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Publication Detail
Measuring Urban Deprivation from User Generated Content
  • Publication Type:
    Conference
  • Authors:
    Venerandi A, Quattrone giovanni , Capra licia , Daniele Quercia , Diego Saez-Trumper
  • Name of conference:
    CSCW’15
  • Conference place:
    Vancouver, BC, Canada
  • Conference start date:
    14/03/2015
  • Conference finish date:
    18/03/2015
  • Keywords:
    Empirical methods, Quantitative analysis, Socio-economics, User generated content, Foursquare, OpenStreetMap
  • Addresses:
    Alessandro Venerandi
    UCL
    146A Camden Road
    London
    NW1 9HP
    United Kingdom
Abstract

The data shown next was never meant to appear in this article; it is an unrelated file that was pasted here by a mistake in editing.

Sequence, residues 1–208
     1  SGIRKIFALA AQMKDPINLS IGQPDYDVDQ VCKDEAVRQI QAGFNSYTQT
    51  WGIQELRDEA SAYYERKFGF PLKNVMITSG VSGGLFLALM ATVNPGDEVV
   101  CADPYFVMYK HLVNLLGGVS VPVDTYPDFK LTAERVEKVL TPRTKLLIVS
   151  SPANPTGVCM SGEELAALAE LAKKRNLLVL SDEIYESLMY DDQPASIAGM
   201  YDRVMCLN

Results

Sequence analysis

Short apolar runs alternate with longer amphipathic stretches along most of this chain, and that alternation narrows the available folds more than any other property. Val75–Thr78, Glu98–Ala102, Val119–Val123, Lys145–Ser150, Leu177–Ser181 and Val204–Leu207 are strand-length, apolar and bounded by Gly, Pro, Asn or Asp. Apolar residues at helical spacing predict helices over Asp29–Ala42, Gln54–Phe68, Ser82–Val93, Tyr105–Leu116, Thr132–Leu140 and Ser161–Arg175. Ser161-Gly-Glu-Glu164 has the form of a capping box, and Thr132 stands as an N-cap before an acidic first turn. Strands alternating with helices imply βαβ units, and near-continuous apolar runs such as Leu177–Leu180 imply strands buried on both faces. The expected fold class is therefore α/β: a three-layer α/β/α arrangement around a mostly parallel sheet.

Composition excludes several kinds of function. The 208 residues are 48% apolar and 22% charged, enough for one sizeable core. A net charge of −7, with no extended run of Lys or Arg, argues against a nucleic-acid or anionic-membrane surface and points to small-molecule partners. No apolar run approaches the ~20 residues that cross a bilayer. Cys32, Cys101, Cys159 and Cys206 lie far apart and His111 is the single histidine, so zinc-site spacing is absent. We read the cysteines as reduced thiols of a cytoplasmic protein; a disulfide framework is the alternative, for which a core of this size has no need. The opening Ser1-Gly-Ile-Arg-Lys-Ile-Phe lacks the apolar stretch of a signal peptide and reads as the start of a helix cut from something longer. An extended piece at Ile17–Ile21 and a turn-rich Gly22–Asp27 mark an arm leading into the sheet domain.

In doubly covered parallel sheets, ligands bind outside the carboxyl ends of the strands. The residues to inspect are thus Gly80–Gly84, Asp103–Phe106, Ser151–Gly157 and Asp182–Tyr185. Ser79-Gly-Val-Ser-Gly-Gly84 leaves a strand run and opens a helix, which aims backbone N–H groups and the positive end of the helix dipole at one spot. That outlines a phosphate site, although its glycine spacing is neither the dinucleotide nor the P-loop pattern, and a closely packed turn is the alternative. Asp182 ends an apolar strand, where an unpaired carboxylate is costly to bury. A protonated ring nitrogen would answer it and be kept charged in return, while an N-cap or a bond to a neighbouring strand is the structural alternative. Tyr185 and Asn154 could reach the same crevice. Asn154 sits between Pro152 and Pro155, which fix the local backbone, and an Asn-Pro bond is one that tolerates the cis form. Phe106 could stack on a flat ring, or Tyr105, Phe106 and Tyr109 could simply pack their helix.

Measuring socioeconomic deprivation of cities in an accurate and timely fashion has become a priority for governments around the world, as the massive urbanization process we are witnessing is causing high levels of inequalities which require intervention. Traditionally, deprivation indexes have been derived from census data, which is however very expensive to obtain, and thus acquired only every few years. Alternative computational methods have been proposed in recent years to automatically extract proxies of deprivation at a fine spatio-temporal level of granularity; however, they usually require access to datasets (e.g., call details records) that are not publicly available to governments and agencies. To remedy this, we propose a new method to automatically mine deprivation at a fine level of spatio-temporal granularity that only requires access to freely available user-generated content. More precisely, the method needs access to datasets describing what urban elements are present in the physical environment; examples of such datasets are Foursquare and OpenStreetMap. Using these datasets, we quantitatively describe neighborhoods by means of a metric, called Offering Advantage, that reflects which urban elements are distinctive features of each neighborhood. We then use that metric to (i) build accurate classifiers of urban deprivation and (ii) interpret the outcomes through thematic analysis. We apply the method to three UK urban areas of different scale and elaborate on the results in terms of precision and recall.
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